in effect, check on the work of the genetic machinery as it replicates
itself, “correcting” most errors, i.e., mutations, as they occur. Viruses
with their genetic code stored as RNA instead of DNA lack this
proofreading ability to check on their own reproduction. As the
nucleotides of a next-generation virus are assembled according to
information stored on the viral RNA, there is a far higher chance of
an error occurring. Adding volatility to the process is the fact that
RNA is a more reactive polymer than DNA, which means that there
is more likelihood that any part of the genome may become altered
because of the presence of foreign chemicals or proteins.
Though not a reliable storage medium, RNA does provide an
interesting survival strategy for a virus. All viruses go through a very
rapid duplication cycle. A single RNA virus can produce ten thousand
copies of itself in six hours; a human being might reproduce,
perhaps, every eighteen months. Hence viruses, even more stable
DNA viruses, are evolving much faster than we are.
An RNA virus accelerates that already quickened process. As the
RNA replicates one strand of itself, it averages one mistake per ten
thousand nucleotides copied. Such instability means that once an
RNA virus has entered a cell and successfully begins to create copies
of itself, it is producing numerous mutated versions, with differences
ranging from just a few nucleotides to dozens or perhaps hundreds.
The vast majority of these genetic changes—perhaps 99.9999 percent
of them—are inconsequential or unsuccessful, or they create a
virion that is not successfully “active.” Occasionally, however,
because of the tremendous rate of mutation, an evolved virus will
emerge, one that it is actually better suited to its cellular environment.
It might have different spike proteins or a slight variation of
peptides that enables it to bind more efficiently with a host cell,
making the disease it causes more infectious or contagious.
The SARS coronavirus, it turned out, had nearly thirty thousand
nucleotides—a nucleotide is a specific combination of purine or
pyrimidine, a sugar molecule, and phosphate; genes are the
sequences spelled out by groups of these nucleotides—making it the
largest RNA virus ever recorded. While genome size does not automatically
correlate with mutability, it is a depressing fact that RNA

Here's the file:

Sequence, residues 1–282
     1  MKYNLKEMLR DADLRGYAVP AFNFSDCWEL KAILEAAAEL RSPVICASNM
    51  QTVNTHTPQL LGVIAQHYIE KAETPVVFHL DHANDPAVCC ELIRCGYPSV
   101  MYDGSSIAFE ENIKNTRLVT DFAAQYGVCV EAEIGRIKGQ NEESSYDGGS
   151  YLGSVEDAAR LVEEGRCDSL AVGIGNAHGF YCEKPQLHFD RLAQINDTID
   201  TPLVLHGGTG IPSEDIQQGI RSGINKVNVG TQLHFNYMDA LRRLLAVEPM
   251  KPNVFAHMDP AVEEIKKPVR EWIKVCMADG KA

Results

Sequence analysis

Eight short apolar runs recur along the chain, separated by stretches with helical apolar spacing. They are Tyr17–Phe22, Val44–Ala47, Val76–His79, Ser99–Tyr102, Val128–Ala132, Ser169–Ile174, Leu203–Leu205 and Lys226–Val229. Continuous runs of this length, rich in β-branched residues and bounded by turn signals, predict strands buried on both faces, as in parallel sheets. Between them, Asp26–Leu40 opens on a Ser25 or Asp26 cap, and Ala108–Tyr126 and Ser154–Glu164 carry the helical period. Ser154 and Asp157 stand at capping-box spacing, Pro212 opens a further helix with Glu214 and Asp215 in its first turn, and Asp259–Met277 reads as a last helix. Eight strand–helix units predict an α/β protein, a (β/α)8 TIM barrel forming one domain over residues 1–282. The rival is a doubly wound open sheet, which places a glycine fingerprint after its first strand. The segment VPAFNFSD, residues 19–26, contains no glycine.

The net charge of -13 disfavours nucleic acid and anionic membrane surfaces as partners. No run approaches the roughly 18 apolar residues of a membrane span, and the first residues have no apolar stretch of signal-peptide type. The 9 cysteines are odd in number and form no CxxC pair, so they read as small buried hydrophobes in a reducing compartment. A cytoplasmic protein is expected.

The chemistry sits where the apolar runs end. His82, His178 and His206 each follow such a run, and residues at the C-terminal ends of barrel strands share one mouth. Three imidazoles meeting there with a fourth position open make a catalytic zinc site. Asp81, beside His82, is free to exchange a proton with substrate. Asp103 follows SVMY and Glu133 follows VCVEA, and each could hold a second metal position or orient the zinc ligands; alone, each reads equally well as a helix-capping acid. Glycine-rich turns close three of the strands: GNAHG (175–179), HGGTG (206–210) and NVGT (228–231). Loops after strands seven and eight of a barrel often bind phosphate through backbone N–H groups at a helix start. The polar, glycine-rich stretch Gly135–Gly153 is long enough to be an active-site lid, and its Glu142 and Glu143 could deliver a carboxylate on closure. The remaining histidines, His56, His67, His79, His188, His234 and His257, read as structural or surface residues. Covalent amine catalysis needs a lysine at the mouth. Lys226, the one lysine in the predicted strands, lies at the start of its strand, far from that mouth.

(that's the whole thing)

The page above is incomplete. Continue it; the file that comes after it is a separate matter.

viruses do mutate more rapidly than DNA viruses, and that this was
a very large RNA virus. “SARS is a big, big boy,” said Kathryn
Holmes, who literally wrote the book—or at least the relevant chapter
of the book Field’s Virology—on coronaviruses. Viruses from the
coronavirus family had previously been known to cause only mild
infection in humans; along with rhinoviruses, they are a major culprit
for the common cold. They were traditionally so nonthreatening that
the 2,629-page Harrison’s Principles of Internal Medicine, the
world’s best-selling English-language medical textbook, devotes just
a page and a half to them. Yet coronaviruses that infect animals can
undergo troubling mutations. For example, a coronavirus that
caused gastroenteritis among pigs mutated in the late 1980s into
porcine respiratory infection. Another coronavirus that was the cause
of shipping fever among calves became the reason for dysentery
among adult cattle.”

4: How do you kill it?
April 08 2003 | 2941 Infected | 293 Dead

Susan Jakes, a TIME magazine journalist based in Hong Kong gets wind of Jinang Yanyong’s disclosure. She meets the doctor and gets full information about the present state of the SARS situation in China. What she learns is startling. There is a full blown epidemic in China with the number of cases several times higher than what was claimed by the government. After verifying this piece of info with another source and by another reporter on the field Susan publishes the report. That article can be read here. It creates a furor in the world and directly leads to the resignation of the Health Minister and a change in tactics of the government.After a second expose of a Beijing Hospital China holds a press conference admitting about that mistakes have been made about the handling of the crisis. Here the author makes an interesting observation. Something which we are seeing again in some countries. Politicians taking advantage of the situation for their political gains.

Slowly cases begin to decline in Hong Kong. All this while Guan Yi still has one question to which he has no answer. How to kill or stop it? For this he needed to find the Vector. Along with a group of researchers in China he begins his investigation. All animals carry some kind of virus with them. Most of the time these virus stay within their hosts. Sometimes they crossover into new hosts. And in some extremely rare events they make the jump from animals to humans.This is called a Zoonotic transmission. Guan Yi believed that this jump must have happened in one of the thousands of wet markets that dot the southern region of China. He visits a number of these wet markets taking samples from the animals and and checking for the presence of the SARS virus in them. He finally finds one in Civets. He publishes his result and measures are taken to cull the animals. Slowly the SARS disease dies out.

Towards the end theres a chilling statement.

”Yet SARS had been the first disease to go H2H, or human to
human, since AIDS. And the reasons it had not wiped the human
slate were still unclear. Clinically, the consensus had emerged that
the virus had been stopped by better infection control.”

What is worrying is that There is still no vaccine for SARS and we still dont know why exactly SARS stopped.
Overall the author does a tremendous job of bringing out the timeline of SARS in a way that keeps the reader hooked. Like I mentioned in the beginning this plays out more like a thriller book. The only distraction I found in the book was when the author gets personal and describes his situation. This must have been to present an outlook covering all angles but to me it was a digression that I did not want. Apart from that the book is a must read for all of us!   

Some useful Links of the stuff mentioned in the book